“That sentence—‘ta det lugnt’—came from a friend of mine who said she had an idea about pop music and pop culture today,” he explains. “Especially in Sweden, all the music journalists are so scared and have a hang-up on what’s right now: what’s the right thing to do right now, what’s the right music to play right now, how we should be dressed and everything. And she just said, ‘Fuck it all and just take it easy,’ but in Swedish—‘ta det lugnt’. Just listen to music! If you love music, love it. Just fuck it—it’s our religion but there’s nothing wrong with having a good time.”

Preceding Ta Det Lugnt‘s American release, Dungen embarked on a brief U.S. tour—the band’s first stateside tour, officially, although they played a few free shows last October. (A more extensive tour will follow in the fall.) Being that Ejstes is not only the band’s composer but also its principle player on record, touring would seem to be problematic, but Ejstes explained that it’s “no problem to tour”.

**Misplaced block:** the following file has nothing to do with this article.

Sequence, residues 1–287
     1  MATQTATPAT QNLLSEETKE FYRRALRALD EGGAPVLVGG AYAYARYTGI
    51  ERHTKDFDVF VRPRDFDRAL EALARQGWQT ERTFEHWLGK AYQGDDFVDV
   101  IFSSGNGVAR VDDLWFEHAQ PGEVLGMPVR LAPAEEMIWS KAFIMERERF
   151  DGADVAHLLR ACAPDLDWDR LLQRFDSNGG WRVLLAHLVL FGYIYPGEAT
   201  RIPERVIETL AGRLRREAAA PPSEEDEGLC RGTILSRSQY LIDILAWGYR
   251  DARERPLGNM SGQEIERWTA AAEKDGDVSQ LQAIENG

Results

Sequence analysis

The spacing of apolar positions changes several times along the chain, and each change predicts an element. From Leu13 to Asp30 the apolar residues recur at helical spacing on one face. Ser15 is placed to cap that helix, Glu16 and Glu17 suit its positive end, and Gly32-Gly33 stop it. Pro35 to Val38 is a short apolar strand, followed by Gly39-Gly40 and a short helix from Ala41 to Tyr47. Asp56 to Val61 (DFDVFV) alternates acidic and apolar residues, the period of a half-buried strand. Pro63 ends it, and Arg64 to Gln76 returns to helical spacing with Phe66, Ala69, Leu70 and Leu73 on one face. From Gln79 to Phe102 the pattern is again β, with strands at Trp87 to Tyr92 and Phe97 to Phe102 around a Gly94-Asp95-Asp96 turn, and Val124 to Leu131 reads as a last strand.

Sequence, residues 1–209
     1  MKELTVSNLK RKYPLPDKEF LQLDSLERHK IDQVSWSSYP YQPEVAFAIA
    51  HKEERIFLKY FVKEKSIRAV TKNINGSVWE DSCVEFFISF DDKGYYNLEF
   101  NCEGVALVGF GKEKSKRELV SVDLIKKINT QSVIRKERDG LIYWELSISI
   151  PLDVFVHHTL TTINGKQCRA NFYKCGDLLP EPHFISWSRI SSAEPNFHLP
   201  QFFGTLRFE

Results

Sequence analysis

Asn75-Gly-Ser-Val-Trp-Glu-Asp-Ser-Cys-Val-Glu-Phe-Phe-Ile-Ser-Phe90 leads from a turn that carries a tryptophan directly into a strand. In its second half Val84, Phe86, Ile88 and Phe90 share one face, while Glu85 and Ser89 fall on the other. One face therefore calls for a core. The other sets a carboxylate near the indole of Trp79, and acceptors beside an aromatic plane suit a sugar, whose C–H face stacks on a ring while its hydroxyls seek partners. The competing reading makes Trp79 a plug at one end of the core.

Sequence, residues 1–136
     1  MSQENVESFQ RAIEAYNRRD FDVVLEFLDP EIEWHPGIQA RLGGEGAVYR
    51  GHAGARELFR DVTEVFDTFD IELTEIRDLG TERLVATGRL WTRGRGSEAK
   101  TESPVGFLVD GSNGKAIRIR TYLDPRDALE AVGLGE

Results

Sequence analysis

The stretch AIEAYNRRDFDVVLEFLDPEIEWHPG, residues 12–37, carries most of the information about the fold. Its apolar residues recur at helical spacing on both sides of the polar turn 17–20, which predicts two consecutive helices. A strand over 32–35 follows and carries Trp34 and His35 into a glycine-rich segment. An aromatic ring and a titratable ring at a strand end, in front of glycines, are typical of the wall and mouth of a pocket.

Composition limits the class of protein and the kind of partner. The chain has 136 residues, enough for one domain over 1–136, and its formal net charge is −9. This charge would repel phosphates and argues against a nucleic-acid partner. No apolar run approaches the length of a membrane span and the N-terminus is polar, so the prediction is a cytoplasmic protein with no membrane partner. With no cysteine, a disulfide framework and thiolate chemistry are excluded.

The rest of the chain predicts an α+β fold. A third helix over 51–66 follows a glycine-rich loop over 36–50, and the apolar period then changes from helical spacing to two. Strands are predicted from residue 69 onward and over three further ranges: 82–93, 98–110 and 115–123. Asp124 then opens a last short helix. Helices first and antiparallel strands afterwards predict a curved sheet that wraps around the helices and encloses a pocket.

“The guitarist, Reine, is playing most of the guitars on the album and the drummer is also playing at least two tracks on the album, and this bass player has the same view of music as I do,” Ejstes explains. “So the band’s like my extended arms. I sing and do the rhythm guitar and play some keyboards and flutes, too, and they do the rest. Right now I’m really focused. We’re going on tour and we’re going to play these songs and this music. It still feels fresh for me and the band. We will perform this album for you.

“I think audiences are going to be real satisfied,” he continues. “Like I said, the basic idea is the three piece band but I use the flutes and the keyboards too. It’s a journey, like the album is. A little bit of this, a little bit of that, but the thing is that it’s guitar music.”